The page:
Cut and Nail
Now, to slam some pieces in place.
With measurement in hand, I go to the saw, hurl a piece on my cleat. Then I hook my tape on the bottom of the cope (where we cut the triangle off earlier) and simply measure to the dead-end. From here forward in our hypothetical rectangle room, I’m only cutting dead-end, square cuts. Isn’t that easier than agonizing over matching up TWO miters at every corner, then nailing them?
Note that even 1/16-inch off in crown molding is a lot. And, 1/8-inch is a mile. Even caulk and paint (which makes a carpenter what he ain’t), doesn’t do enough for me. Go easy, use a sharp pencil, and when in doubt, cut it long and see if the piece fits.
Nail. I leave the screws I used to measure in the wall (I usually install them 1/8-inch below the bottom of the crown location). These help hold the piece as I install it. For really wobbly pieces, popping one in the ceiling can help keep it from tipping.
I stand toward the center-right of the piece, gently place the dead-end left in position, and then see if the cope lays over my test piece.
In the best case scenario, I still have to flex the middle of the crown outward, slide the cope inward and gently press the center back to the wall. I call this a ‘snap fit’ and if it works, that’s great. Go back to the dead end, make sure it’s on your layout lines, then nail toward the cope. Stop about 30-inches away so the piece can still flex, otherwise the test piece will be stuck and you can’t fit your new piece in.
Now, remove the test piece, move it to the next corner, repeat the cut-and-install process, then, work the corner.
Work the Corner?
Yes, work the corner. Ceilings, especially in old houses, undulate, sometimes imperceptibly, and you have to convince the crown pieces to mate up: Press, pull, shim, tweak; twist by pressing up on the top and shimming out the bottom. We’re not talking much here—1/16 or 1/8 inch maybe—but it can close the joint beautifully. One of my favorite tools for this is my mighty Hyde 5-in-1 (or painter’s tool). Always handy in my tool pouch, it won’t break like a wood shim. And when I nail around it, I can still remove it easily. Once the corner is where you want it, nail it off, then repeat on the other three corners.
Outside corners and details
Outside corners are cut as miters but they can still be tricky. The molding lengths for outside corners are usually much shorter, like a chimney bump-out or something. When they’re just a few feet long, I still make test pieces and see how they fit. Outside corners are notorious for having a bulge in the walls past the corner that opens your miter if you don’t account for it. To check it, take two mitered test pieces (outside right and outside left miters) and see what the outside miter looks like when assembled. Chances are there’s a gap at the bottom point to which you would have otherwise measured.
Returns. For rooms that are missing a terminus, like this one where one wall continues up a stair, using returns show that you are a home-improvement hero. A return is simply an outside corner that terminates at the wall instead of traveling somewhere, like around that chimney bump-out. They are sensational little details.
However, they’re hard to fasten. Your 15-gauge finish nailer will probably blow one up. Pros, myself included, often use a micro-pinner. I also use caulk. Sometimes the piece can be wedged in place.
Caulk and Paint
For all this sturm and drang, once you ramp up, the actual carpentry doesn’t take as long as the painting. Since hiring a painter for a single room isn’t worth it (at least to me), I often do the painting myself, which means the next step is caulk.
Good caulk is worth its weight in oohs and ahhs when you’re done. It fills bigger gaps and lays down more smoothly. I used DAP Dynaflex 230 here as I have with success on many jobs from molding to windows.
As for paint, I prefer a top-notch paintbrush. If you’re using a throwaway brush you may end up with a throwaway job. Shur-Line’s HydroGlide brushes are top drawer and affordably priced, ideal for someone like me who doesn’t paint often but wants professional results. When I paint, I paint the molding first, then cut in the ceilings and the wall. Other people do it in a different sequence. The point is to have a sequence. And a clean brush. If you clean out the brush a few times a day, it’ll work better.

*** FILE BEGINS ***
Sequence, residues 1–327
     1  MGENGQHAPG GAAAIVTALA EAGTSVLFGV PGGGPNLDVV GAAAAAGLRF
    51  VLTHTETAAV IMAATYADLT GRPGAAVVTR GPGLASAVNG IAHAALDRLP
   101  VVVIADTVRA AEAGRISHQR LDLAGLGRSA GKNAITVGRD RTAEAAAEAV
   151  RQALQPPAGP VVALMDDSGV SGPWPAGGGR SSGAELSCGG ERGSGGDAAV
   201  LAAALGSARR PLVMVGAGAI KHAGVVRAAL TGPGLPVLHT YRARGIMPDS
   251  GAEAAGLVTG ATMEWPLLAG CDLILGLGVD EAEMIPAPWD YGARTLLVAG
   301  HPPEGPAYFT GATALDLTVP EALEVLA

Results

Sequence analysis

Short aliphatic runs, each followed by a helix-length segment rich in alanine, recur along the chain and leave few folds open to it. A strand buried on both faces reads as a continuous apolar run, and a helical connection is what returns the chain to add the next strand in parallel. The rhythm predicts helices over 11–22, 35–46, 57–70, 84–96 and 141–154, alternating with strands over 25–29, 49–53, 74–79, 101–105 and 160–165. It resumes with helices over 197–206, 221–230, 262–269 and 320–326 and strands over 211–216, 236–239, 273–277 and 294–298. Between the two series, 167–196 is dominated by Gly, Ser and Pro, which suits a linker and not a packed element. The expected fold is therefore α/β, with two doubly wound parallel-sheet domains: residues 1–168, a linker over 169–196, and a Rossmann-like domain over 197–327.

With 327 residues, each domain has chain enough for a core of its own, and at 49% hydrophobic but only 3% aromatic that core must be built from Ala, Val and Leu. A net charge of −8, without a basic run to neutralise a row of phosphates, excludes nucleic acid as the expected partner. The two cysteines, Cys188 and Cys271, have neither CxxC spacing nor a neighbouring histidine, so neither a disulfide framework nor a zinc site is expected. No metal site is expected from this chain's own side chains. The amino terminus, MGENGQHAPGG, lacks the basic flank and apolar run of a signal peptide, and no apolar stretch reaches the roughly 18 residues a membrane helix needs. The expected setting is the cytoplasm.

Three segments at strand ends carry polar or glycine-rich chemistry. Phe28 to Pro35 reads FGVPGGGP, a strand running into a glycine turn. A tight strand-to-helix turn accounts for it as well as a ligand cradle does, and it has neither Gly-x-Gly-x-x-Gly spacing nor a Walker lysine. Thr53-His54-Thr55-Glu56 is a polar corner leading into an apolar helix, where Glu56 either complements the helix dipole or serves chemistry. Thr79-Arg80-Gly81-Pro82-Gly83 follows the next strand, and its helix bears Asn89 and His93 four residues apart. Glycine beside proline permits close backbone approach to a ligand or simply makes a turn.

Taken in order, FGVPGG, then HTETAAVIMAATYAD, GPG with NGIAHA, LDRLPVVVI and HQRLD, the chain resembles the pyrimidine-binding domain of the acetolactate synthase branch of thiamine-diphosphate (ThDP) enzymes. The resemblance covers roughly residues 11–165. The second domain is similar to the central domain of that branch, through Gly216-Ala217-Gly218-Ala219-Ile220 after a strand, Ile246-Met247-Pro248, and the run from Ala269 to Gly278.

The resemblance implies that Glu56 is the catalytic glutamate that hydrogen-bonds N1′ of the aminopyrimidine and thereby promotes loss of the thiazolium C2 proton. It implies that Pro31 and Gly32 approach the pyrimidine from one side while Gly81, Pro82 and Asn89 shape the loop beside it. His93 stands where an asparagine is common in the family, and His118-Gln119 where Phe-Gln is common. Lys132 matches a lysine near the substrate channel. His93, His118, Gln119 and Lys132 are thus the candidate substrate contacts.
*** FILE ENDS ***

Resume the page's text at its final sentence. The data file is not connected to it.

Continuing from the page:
A question I get asked a lot: Will pre-painting the molding help me later? An answer I give a lot: No. It’ll just waste your time. Between caulk and nail holes, smudges and fingerprints, two coats of paint are required to clean it up and make it all nicey nice. And that can only be done once it’s nailed up.
I could go on, but that’s for another article.
Mark Clement is the carpenter and co-host of the MyFixitUpLife show. Subscribe to the podcast, watch live on Blab.im/MyFixitUpLife or subscribe to the MyFixitUpLife YouTube channel.
Side Note 1
Know your Corners
Cuts have names. If your room is a square or rectangle, all the cuts are ‘inside corners’. An ‘inside’ cut wraps the inner concave edge of an L. Conversely, an outside corner wraps around the outside or convex lines of an L. For a quick visual reference, you can make corner templates for crown molding, as shown here, to help keep your angles correct when cutting.
Side Note 2
Few things say “I don’t really know what I’m talking about yet I will talk like I do” than someone who complains with an air of authority: “There are no square corners in this house!”
The reason is because NO houses have square corners. Framing is nowhere near that precise and even if it were, joint compound or plaster will “un-square” those corners.
As DIY Network’s Million Dollar Contractor, Stephen Fanuka puts it: “In a perfect world mitering is the perfect solution. Problem is, it’s not a perfect world. Ceilings are out of level, and walls are out of plumb.”
The advantage of coping is that it eliminates the square-corner fallacy because corners don’t have to be square for a cope to sing out its awesomeness.
While not all moldings can be coped (outside corners have to be mitered; it’s just geometry), coping is superior to mitering. If you’re still not on board, realize that changing the miter angle to 46 on one piece and 44 on the other doesn’t really work, because it changes the face-length of both miters, and you trade one problem for another.
So what about all those high-end jobs where big crowns are mitered and look great? Here’s Fanuka again: “The molding is mitered, but then the drywall or plaster guys come back and feather the walls and ceilings to close up the gaps.”
Who’s gonna do that who’s not a movie star or captain of industry? Most of us will caulk it closed and call it a day. There’s nothing magic here but there is a ton of work required to make perfect miters match an imperfect world.
Side Note 3
Sharp tools include pencils
I’ve seen guys with pencils so dull that my kid might as well be using his Crayons to mark a cut. Sharpening a pencil is a minor art. For trim like crown molding, just use a schoolboy pencil (#2 style; swipe one from your kids). If you can’t find one, make a carpenter’s pencil sharp by using a good knife like this OLFA with a sharp blade then polish the graphite to a point. As I say, there’s an art to it.